Movie Review: Jersey Boys

Jersey Boys directed by Clint Eastwood

My Rating: 3.5 Stars

Tomatometer: 53%

MPAA Rating: R for language throughout

Cast: John Lloyd Young, Erich Bergen, Michael Lomenda, Vincent Piazza, Christopher Walken

Genre: Musical, Bio

Check it out: Rotten Tomatoes | IMDB

Synopsis:

Clint Eastwood’s big screen version of the Tony Award-winning musical tells the story of the four young men from the wrong side of the tracks in New Jersey who came together to form the iconic `60s rock group The Four Seasons. Their trials and triumphs are accompanied by the hit songs that influenced a generation, and are now being embraced by a new generation of fans through the stage musical.

Trailer:

I have not seen this show on Broadway or on Tour, but after seeing the movie, I can confirm that I would in all likelihood enjoy it. I would almost definitely like it better than I liked the movie, although the movie was good.

Here’s the thing about movie musicals: you either have to say we are making this a musical and we don’t care if people randomly break out into song and dance in the middle of the street (AKA Hairspray, West Side Story, The Sound of Music, etc.) OR you have to say this isn’t a musical, it’s just a biographic piece on a group of musicians or people or whoever the subject is. And they occasionally sit down at the piano and sing. It’s the difference between setting the story in a musical world, or the real one.

Jersey Boys wasn’t really in either of those categories. I think that’s why it didn’t quite work for me. I’ve seen a few clips from the Broadway show, and I kept wanting the movie to be more theatrical. I wanted everything to be more of an event.

There were certain elements that were very theatrical, such as when each of the Four Seasons would look straight into the camera and address the audience directly, as they do in the show.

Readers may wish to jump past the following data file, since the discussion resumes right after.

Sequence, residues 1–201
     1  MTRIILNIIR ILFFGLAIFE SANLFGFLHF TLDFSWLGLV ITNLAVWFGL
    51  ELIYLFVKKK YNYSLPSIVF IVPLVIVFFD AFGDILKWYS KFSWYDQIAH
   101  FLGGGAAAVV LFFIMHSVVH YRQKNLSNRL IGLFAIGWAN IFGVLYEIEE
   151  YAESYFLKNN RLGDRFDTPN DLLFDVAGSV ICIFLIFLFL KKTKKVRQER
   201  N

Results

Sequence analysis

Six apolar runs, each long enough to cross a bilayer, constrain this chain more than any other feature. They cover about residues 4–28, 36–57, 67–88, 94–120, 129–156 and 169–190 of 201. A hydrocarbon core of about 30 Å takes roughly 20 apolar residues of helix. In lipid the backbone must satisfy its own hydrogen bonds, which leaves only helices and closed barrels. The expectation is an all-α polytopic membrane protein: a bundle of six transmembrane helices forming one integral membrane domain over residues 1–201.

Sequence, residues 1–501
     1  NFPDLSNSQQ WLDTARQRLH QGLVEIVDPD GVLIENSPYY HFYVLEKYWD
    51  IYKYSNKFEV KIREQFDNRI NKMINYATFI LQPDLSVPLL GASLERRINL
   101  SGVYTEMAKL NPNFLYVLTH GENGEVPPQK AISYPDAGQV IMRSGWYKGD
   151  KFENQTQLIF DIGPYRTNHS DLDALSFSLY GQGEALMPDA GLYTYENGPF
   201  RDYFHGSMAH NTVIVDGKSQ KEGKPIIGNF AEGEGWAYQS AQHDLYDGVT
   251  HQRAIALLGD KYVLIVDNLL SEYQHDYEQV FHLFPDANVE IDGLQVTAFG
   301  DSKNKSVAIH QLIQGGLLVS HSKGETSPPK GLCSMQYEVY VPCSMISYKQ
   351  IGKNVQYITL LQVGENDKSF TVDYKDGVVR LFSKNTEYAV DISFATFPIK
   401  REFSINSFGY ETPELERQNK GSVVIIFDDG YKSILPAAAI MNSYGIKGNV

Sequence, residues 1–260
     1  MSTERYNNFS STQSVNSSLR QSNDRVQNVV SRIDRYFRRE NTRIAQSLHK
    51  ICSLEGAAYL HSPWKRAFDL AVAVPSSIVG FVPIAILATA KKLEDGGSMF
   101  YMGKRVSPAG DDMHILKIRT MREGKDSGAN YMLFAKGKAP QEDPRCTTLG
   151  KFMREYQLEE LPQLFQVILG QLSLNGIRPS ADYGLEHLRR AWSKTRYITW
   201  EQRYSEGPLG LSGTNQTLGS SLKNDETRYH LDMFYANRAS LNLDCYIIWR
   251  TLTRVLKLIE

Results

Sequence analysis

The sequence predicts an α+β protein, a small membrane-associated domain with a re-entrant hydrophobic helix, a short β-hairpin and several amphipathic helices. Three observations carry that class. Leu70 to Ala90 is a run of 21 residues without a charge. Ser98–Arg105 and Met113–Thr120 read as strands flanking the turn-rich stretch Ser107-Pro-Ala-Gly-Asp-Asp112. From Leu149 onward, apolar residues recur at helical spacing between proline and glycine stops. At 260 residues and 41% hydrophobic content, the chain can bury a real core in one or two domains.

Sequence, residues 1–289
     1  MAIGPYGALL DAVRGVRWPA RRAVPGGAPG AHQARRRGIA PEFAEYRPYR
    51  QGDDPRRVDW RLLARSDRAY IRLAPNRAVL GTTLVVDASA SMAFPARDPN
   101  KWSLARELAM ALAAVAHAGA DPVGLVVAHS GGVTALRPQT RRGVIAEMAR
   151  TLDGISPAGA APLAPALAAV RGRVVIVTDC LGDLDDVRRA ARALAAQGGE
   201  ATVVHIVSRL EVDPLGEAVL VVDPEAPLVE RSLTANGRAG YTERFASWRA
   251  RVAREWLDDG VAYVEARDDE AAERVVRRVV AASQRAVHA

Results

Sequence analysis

I think perhaps my biggest disappointment was that the movie was more about the story, glossing over the music, cutting songs short, downplaying the theatricality of it all, while I imagine the show is ALL about the music, supported by the story. Not that I can be sure, since I haven’t seen it. While I say these things disappointed me, I don’t believe they were necessarily bad choices. The story is going to be more important in a film. Audiences aren’t going to want to sit through entire songs that aren’t live. I understand all of that. That’s why I believe I would like the musical better.

I was so thrilled when I heard that John Lloyd Young would be playing Frankie Valli. He proved in this performance just exactly why he received a Tony Award for playing  this same part on Broadway in 2006. He did a beautiful job not only with his singing, but with the character arc, going from naïve, clueless Frankie to a seasoned and weathered artist with a really difficult and disappointing life. Christopher Walken adds some levity to the mix with his pretty hilarious mobster Gyp DeCarlo, and Vincent Piazza was easily hate-able as Tommy DeVito.

There is magic here as well however; the magic of creating music with extraordinary talent, of creating NEW music, of sharing that music with audiences. That magic and theatricality are what provide most of the charm of this movie, and without them I’m quite sure I would have hated it.

As far as content goes, there’s A TON of language in this, but really very little else objectionable. Some smoking, some drinking, a little adult content, but mostly just language.

Hopefully I’ll be able to see the musical some day soon.

And, because I can’t help myself, here’s a clip of the 2006 Tony Award for Best Musical winning performance from Jersey Boys, led by John Lloyd Young.

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